Interim actions planned for this year include the continued implementation of the city’s Master Plan for Children, Youth and Families, the creation of the mayor’s Frankly Reading summer reading program in partnership with CALS, expansion of the Sidewalk Replacement Program and the rebranding of the Little Rock Racial and Cultural Diversity Commission as the Little Rock Human Rights Commission to incorporate concerns of the city’s LGBTQ community. 

Recommendations outside of the more short-term action items include a potential sales tax increase to raise approximately $17 million in additional revenue — if the city finds this necessary after it has “reviewed and reorganized its operations to be as efficient as possible,” according to the report. 

The Transformation & Government Reform subcommittee, of which Phillips was chair, presented three options for eliminating or changing the at-large director positions on the city board of directors, a desire Scott expressed frequently during his campaign. The subcommittee offered a recommendation to remove all the at-large positions, reduce the city board to four members or directors, and give the mayor more voting power on the board. In the existing government structure, the mayor only votes to break a tie. 

Another option presented is the establishment of “super wards” in addition to “a number” of wards. These super wards would be larger districts that overlay the other wards. If this option were to be “pursued” by the mayor, the report acknowledges that the division of wards and super wards would need to be decided, but in both suggestions, the mayor would exist as a separate entity with voting power within the ward/super ward structure.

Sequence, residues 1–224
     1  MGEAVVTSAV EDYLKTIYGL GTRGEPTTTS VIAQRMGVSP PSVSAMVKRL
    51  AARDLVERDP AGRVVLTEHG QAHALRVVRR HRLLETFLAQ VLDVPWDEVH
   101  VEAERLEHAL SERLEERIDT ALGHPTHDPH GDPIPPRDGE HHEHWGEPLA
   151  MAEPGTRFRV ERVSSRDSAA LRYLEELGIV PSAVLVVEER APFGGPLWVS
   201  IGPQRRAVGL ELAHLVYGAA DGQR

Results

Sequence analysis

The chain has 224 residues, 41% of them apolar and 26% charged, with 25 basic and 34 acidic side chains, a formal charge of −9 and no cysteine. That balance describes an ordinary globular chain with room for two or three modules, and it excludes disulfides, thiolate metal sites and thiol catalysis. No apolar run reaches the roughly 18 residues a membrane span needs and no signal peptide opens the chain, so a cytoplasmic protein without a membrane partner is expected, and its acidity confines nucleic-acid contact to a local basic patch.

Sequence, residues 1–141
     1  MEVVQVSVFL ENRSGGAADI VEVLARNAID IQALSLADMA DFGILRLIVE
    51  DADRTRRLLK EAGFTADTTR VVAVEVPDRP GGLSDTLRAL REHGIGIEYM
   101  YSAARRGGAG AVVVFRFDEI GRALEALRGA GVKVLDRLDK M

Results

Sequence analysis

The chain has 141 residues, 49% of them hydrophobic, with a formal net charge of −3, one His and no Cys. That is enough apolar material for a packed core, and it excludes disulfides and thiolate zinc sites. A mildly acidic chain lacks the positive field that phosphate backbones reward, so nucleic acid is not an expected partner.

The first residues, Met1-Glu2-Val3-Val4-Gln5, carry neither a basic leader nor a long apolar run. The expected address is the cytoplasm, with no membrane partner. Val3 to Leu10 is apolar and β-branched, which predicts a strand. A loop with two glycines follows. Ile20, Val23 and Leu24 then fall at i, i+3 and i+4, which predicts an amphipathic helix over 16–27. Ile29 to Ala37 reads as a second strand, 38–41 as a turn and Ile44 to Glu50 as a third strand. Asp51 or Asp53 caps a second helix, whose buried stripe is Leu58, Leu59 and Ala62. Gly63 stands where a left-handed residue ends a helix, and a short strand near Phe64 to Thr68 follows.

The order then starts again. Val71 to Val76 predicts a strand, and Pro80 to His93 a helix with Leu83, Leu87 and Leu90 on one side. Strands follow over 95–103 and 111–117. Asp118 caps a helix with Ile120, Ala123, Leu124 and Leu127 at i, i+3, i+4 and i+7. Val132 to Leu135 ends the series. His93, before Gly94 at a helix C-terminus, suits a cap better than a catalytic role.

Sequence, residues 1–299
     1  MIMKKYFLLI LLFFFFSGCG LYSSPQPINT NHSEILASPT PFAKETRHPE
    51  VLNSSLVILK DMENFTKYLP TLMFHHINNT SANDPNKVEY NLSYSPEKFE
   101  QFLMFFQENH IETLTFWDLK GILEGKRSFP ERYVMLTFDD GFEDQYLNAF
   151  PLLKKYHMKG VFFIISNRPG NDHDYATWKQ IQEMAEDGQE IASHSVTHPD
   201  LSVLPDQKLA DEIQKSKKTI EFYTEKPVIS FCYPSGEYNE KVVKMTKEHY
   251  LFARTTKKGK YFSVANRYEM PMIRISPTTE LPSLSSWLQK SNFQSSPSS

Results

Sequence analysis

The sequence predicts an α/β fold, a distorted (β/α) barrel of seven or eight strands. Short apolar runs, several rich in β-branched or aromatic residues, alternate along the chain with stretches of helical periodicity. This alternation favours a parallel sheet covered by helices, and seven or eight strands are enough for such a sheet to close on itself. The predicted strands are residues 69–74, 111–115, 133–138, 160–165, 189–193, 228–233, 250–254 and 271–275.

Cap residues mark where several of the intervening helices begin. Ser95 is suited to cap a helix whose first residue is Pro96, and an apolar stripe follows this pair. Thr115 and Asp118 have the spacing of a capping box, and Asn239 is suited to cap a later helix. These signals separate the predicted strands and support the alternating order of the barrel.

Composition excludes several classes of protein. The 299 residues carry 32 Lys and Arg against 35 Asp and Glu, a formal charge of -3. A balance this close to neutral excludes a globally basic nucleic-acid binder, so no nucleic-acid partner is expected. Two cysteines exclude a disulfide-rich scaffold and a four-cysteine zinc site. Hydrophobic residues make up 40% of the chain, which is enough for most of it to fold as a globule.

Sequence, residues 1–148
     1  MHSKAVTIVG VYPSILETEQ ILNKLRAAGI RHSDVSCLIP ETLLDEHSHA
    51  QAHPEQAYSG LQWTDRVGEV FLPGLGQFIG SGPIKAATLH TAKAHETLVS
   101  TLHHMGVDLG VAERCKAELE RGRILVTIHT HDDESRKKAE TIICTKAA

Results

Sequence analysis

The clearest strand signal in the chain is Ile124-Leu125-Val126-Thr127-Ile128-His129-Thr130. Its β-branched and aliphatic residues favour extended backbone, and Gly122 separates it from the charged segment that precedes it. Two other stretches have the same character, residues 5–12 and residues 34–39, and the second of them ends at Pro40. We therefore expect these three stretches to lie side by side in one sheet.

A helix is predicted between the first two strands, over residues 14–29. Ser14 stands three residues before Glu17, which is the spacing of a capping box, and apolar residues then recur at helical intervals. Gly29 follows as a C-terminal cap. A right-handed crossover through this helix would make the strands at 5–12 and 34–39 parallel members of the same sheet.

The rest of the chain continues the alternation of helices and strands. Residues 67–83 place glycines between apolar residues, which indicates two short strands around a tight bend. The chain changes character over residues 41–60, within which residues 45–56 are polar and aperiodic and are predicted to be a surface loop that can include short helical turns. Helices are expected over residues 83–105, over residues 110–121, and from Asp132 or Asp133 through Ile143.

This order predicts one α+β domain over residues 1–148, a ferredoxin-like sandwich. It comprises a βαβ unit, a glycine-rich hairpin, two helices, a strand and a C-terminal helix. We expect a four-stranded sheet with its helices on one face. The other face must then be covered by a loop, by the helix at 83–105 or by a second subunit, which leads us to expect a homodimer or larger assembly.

The third option suggests the at-large director positions would remain, but a residency requirement would be imposed on the role. The at-large directors would still be elected citywide, but each must reside in a specific area or ward. 

Asked if the subcommittee preferred any one recommendation to another, Phillips said the group was unable to reach a consensus and decided to present the mayor with its research and allow him to “decide which one he wants.” However, Phillips said the group did agree that “we all wanted the mayor to be able to function as a mayor and not have the type of government we have now, where it’s somewhat mayor/council but still limited because we’re under the city manager umbrella.” He added that the subcommittee also agreed on the recommendation to require city directors to win their elections by 40 percent of the vote, instead of the current election structure, where the candidate with the most votes wins.